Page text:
New Oregon Attorney General Announces Mortgage Rules
Considered a victory for credit unions because there are no new regulatory burdens, Oregon’s AG Rosenblum adopts new rules to clarify conduct that violates the state’s Unlawful Trade Practices Act.
July 26, 2012
In a win-win move for consumers and credit unions, Oregon Attorney General Ellen Rosenblum this week chose to not place additional burden on financial institutions with new rules regulating the conduct of home loan mortgage servicers. Instead, Oregon’s top attorney announced that the rules adopted are intended to clearly identify conduct that violates the Oregon Unlawful Trade Practices Act, a consumer protection law that has been in effect since the 1970s.
In announcing today’s adoption of the rules, Attorney General Rosenblum said, “We appreciate the input we received in the rulemaking process and we are committed to continuing discussions so we have rules that protect Oregon homeowners, while providing clear guidance to loan servicers.”
The Department of Justice adopted temporary rules in February 2012 and then proposed more detailed servicer rules that were modeled after servicer standards included in a nationwide settlement agreement with the nation’s five largest loan servicers. The Department initiated a public hearing and comment process which concluded on July 17, 2012.
As a result of that process, Attorney General Rosenblum, who took office on June 29, 2012, decided to adopt as permanent the temporary rules that had been in effect since February. In addition, the Department will reinitiate the rulemaking process to explore whether any changes are needed to the rules adopted today, as well as any need for more detailed servicer rules.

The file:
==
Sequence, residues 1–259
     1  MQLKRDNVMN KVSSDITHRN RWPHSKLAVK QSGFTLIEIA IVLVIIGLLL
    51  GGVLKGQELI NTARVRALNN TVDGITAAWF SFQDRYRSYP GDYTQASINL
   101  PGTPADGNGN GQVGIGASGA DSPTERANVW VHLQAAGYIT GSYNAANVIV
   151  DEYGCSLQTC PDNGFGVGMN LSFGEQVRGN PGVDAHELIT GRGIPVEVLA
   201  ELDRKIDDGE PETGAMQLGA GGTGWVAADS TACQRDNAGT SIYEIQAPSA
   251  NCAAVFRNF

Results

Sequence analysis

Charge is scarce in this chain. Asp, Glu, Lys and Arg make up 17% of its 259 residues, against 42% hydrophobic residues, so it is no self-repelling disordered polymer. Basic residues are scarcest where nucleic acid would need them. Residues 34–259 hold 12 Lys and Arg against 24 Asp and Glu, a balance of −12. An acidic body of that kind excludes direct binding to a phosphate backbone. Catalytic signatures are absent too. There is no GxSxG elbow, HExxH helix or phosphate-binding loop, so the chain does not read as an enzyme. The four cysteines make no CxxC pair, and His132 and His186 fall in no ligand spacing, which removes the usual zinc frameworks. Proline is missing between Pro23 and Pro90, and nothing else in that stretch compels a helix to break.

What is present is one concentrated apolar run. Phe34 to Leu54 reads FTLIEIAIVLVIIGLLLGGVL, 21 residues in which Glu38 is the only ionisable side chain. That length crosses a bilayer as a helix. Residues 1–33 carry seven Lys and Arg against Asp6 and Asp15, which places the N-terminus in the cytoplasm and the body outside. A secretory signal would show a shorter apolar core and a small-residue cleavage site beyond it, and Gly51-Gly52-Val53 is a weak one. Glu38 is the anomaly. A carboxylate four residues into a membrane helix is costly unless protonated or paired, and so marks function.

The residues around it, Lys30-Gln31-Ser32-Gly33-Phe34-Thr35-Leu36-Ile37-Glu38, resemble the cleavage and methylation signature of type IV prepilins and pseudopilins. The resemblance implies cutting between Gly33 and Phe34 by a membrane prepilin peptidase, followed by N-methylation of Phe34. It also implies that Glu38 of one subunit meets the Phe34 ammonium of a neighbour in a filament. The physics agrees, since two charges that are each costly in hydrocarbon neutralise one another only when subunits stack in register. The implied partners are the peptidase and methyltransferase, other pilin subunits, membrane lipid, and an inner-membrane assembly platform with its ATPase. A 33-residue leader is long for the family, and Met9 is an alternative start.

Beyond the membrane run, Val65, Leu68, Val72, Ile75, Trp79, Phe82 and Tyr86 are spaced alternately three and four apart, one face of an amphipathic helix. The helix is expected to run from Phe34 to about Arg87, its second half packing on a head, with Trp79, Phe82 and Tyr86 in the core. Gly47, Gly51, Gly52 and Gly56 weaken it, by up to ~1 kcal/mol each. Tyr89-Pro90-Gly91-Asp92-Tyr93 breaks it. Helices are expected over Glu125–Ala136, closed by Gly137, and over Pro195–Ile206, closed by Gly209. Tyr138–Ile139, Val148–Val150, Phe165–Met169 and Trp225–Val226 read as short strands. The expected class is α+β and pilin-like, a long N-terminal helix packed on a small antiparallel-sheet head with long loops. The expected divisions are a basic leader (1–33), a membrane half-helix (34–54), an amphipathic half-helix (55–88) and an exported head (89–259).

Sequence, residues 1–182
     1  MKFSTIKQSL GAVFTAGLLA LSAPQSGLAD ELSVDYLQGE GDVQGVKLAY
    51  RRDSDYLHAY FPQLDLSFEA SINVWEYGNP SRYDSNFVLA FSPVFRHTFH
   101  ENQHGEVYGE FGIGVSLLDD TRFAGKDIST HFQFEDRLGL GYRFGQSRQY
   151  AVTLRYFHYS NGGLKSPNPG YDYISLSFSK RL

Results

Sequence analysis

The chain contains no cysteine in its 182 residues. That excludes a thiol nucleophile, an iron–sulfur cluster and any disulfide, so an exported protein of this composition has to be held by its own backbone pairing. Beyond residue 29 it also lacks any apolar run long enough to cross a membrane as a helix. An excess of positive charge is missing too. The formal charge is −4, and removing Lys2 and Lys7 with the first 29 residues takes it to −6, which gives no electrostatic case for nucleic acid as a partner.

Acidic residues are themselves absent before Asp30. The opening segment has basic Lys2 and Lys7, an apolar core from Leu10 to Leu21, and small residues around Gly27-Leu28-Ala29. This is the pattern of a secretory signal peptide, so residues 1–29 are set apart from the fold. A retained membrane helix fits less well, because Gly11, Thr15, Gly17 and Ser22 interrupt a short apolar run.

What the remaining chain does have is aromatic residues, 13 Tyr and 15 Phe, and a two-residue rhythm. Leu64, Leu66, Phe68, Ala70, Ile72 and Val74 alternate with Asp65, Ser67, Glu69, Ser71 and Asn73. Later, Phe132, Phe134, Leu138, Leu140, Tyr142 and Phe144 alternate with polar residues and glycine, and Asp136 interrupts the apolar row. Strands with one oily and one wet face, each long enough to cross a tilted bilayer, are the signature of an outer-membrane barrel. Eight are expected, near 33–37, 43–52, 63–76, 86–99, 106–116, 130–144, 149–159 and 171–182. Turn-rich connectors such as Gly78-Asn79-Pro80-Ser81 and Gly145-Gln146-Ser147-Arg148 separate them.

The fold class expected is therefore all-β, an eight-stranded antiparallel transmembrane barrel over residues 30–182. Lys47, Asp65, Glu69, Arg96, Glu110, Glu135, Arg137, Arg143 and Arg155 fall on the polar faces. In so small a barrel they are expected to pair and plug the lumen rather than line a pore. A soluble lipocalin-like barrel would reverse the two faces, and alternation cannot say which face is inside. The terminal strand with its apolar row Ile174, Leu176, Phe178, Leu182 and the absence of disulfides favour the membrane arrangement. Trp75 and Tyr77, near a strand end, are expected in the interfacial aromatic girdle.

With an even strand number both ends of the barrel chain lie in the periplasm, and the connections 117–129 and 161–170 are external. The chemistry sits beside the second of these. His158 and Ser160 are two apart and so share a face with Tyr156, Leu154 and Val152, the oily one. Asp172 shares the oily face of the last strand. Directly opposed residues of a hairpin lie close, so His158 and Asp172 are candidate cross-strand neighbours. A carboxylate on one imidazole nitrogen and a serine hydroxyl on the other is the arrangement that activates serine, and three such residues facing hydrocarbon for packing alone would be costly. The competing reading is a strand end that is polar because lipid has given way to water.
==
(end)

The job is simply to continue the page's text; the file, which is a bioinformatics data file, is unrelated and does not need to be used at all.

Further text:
Oregon Department of Consumer and Business Services Director Patrick Allen said, “I look forward to working with the Attorney General to ensure consumers are protected and we maintain a healthy mortgage market.”
The rules adopted place no new obligations on local banks and credit unions, but make it unlawful for a mortgage loan servicer to:
- Assess a late fee or delinquency charge for a full payment made on or before the payment’s due date or within the grace period applicable for the payment;
- Assess or collect any default-related fee or charge that the servicer is not legally authorized to assess or collect under the terms of the residential mortgage loan, deed of trust, or mortgage;
- Misrepresent to a borrower any material information regarding a loan modification;
- Misrepresent any information set forth in an affidavit, declaration, or other sworn statement detailing a borrower’s default and the servicer’s right to foreclose;
- Fail to comply with the notice provisions of a federal law known as the Real Estate Settlement Procedures Act; or,
- Fail to deal with a borrower in good faith.
This rule is considered a victory for credit unions as another regulation that was proposed by the previous Attorney General was dropped with this one replacing it. The opposed rule was based on the recent multistate settlement agreement between the Attorney Generals of 49 states and the nation’s five largest mortgage servicers. The rule was harmful to credit unions and the Northwest Credit Union Association submitted testimony, participated in workgroup meetings and submitted an official comment letter opposing that mortgage servicing rule. This new proposed rule was based on temporary rules released last February.
Oregon Governor John Kitzhaber swore in Ellen Rosenblum on June 29th as the interim replacement for Attorney General John Kroger who left office on the same day. Rosenblum also won the Democratic primary for Attorney General.
Questions? Contact a member of the Association’s Legislative Affairs team: